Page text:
Cities of Learning

The RSA’s Cities of Learning program is a “new model for cities and regions to design and deliver inclusive lifelong learning which is tailored to the needs of local people and economies. 

Cities of Learning helps people find new learning opportunities near them. Our digital platform lets learners transform what they’ve studied into new skills, qualifications and careers.

We work with local leaders, learning providers, and employers to find untapped sources of community education and transform local lifelong learning.

Cities of Learning:

  • Widens access to learning for all
  • Prepares young people for work
  • Joins up skills and industry
  • Creates a workforce ready for a changing world of work

Encourages a sense of place, identity, and ambition”

The initiative aims to make learning and accreditation:

The Cities of Learning initiative claims a number of benefits for Learners, Cities, Learning Organisations, Employers.

Micro-creds for Sustainable Futures

Drawing on these and other models – including our work in developing a discussion paper on the concept of 21st century skills, and the work on COVID-19 recovery scenarios for young people that we have written about in many posts to this website – our project is framed by a number of key ideas, including:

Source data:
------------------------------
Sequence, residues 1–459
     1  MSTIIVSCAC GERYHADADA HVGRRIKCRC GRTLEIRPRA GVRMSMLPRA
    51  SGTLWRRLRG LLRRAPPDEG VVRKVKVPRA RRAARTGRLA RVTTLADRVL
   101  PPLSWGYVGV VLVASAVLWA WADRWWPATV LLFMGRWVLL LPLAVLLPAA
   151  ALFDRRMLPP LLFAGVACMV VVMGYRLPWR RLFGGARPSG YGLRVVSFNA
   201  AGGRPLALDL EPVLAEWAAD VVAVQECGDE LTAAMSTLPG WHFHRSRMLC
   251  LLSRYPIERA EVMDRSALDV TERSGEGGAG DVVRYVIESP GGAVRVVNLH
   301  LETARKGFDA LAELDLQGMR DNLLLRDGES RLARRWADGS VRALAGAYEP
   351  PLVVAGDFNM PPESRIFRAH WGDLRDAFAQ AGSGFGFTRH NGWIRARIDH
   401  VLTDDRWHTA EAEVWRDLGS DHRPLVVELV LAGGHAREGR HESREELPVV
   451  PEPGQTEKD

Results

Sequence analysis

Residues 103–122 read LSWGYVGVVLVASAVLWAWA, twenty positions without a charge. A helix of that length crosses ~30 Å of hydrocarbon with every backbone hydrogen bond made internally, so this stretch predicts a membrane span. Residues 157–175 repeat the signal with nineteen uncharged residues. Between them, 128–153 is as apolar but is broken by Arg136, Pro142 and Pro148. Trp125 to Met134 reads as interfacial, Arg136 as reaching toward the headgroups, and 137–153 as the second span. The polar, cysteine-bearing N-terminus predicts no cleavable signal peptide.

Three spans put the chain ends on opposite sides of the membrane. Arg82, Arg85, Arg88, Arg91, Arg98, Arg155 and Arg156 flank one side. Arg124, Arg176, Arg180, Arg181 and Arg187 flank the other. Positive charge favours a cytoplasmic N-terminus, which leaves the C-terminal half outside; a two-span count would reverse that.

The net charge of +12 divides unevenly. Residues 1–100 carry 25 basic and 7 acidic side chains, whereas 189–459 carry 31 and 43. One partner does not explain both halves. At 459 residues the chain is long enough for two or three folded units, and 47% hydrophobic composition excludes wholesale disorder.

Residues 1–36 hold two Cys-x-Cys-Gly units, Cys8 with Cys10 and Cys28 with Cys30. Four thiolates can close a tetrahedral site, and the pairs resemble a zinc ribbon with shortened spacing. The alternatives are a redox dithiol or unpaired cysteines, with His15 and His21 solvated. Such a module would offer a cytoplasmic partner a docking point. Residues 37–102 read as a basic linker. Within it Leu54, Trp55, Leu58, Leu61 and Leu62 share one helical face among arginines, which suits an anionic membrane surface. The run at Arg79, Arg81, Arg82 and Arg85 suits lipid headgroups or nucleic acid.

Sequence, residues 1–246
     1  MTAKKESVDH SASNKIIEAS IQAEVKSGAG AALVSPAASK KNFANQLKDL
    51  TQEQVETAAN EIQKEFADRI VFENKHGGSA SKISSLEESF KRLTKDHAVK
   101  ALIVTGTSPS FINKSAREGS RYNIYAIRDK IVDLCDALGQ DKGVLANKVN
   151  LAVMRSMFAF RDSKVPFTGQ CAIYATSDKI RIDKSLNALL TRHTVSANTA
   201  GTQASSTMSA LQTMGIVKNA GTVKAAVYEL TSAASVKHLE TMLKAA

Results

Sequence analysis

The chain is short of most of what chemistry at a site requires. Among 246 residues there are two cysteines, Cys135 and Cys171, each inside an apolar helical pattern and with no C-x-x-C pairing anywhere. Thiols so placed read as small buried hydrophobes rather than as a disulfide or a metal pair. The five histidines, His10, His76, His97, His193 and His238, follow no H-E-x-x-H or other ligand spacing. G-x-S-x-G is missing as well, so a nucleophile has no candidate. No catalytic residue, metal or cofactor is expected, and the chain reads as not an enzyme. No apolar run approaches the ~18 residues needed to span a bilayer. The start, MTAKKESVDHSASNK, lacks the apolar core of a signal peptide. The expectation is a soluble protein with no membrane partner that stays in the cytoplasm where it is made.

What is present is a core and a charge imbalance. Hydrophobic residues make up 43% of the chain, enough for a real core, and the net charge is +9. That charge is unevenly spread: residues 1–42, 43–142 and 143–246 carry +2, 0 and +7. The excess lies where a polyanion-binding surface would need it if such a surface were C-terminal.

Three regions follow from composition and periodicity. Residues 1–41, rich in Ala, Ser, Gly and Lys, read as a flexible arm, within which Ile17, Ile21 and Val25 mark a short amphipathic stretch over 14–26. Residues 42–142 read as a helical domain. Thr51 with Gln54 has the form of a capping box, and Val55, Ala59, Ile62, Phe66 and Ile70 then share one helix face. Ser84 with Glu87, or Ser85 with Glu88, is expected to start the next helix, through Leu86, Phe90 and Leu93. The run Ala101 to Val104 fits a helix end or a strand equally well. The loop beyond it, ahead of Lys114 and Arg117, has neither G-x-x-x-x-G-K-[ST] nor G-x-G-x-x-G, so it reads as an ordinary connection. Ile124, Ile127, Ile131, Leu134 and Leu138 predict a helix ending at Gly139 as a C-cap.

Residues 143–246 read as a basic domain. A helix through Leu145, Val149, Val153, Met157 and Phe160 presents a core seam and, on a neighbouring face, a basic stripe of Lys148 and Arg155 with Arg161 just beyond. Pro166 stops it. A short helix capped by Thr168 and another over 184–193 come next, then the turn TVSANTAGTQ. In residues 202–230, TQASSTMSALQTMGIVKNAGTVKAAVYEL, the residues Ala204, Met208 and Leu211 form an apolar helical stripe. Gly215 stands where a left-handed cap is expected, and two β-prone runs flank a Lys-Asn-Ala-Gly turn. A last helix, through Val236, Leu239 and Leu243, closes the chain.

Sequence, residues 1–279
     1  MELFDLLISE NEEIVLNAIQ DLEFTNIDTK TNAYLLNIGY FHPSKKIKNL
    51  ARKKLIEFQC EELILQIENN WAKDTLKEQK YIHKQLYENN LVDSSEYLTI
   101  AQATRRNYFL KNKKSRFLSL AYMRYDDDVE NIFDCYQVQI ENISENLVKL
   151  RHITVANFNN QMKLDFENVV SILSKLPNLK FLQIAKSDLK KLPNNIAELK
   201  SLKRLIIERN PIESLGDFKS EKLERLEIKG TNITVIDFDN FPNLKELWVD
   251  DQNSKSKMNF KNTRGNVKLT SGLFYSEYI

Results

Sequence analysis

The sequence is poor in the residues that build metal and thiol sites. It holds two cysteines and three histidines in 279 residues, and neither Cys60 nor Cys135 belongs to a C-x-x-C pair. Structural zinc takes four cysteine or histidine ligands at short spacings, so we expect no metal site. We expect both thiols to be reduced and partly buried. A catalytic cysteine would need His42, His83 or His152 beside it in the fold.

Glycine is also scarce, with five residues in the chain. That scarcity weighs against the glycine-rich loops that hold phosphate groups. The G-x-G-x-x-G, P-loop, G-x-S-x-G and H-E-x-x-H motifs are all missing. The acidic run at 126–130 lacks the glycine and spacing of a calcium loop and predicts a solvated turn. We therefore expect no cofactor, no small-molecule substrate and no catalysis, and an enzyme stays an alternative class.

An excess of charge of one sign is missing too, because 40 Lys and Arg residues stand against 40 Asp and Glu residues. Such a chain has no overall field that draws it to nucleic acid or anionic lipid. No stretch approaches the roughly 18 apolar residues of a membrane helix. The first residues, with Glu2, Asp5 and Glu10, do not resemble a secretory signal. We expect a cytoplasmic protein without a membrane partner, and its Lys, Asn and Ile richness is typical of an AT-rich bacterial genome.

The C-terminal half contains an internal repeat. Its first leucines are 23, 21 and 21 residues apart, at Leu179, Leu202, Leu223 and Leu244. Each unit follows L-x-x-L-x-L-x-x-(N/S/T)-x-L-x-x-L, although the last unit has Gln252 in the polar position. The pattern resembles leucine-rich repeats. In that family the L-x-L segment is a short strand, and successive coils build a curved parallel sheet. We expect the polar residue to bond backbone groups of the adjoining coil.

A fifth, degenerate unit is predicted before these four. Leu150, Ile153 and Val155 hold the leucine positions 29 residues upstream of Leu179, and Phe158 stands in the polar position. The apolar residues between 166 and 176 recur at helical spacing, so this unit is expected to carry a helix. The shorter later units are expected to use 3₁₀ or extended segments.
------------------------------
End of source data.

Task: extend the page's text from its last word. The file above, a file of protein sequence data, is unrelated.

• Involving young people as stakeholders in their own future
  • Developing processes of co-design for ethical innovation (innovation that is Responsible, Inclusive, Disruptive and Engaged – Rickards and Steele 2019)
  • Developing micro-creds for sustainable futures

Micro-creds for sustainable futures are not only about an individual young person’s learning, and the accreditation of this learning.

While this is important, the development of micro-creds in this project is about the learning that is required for building shared, sustainable futures in which young people are key stakeholders.

In this sense, we imagine these micro-creds emerging at the intersection of frameworks such as World Economic Forum’s understanding of “21st century skills”, and the UN Sustainable Development Goals (SDGs)

Finally, this project imagines that micro-creds for young people’s health and well-being, and education, training and employment pathways for sustainable futures can be developed to be:

  • Flexible
  • Co-designed
  • Innovative
  • Place-based
  • Portable
  • Platform enabled

References

Shergold, P. (2020) Looking To The Future: Report Of The Review Of Senior Secondary Pathways Into Work, Further Education And Training, Department of Education, Skills and Employment. Canberra, https://www.dese.gov.au/quality-schools-package/resources/review-senior-secondary-pathways 

Blazevic, O (2020) What Are Micro Credentials and How Can They Benefit You?, https://www.training.com.au/ed/how-micro-credentials-can-benefit-you/

Learning Vault (2020) https://www.learningvault.com.au/digital-badging/

Business Council of Australia (2018) Future-proof: Australia’s future post-secondary education and skills system, https://d3n8a8pro7vhmx.cloudfront.net/bca/pages/4386/attachments/original/1542258016/LoRes-2018_BCA_EDUC_Future_Proof_WIP1A_%281%29.pdf?1542258016
National Centre for Vocational Education Research (NCVER) (2021) An analysis of ‘micro-credentials’ in VET, https://www.ncver.edu.au/research-and-statistics/publications/all-publications/an-analysis-of-micro-credentials-in-vet

Rickards, L. and Steele, W. (2019) Towards a Sustainable Development Goals Platform at RMIT, RMIT University

By Peter Kelly

I lead the UNESCO UNEVOC Centre in the School of Education at RMIT University.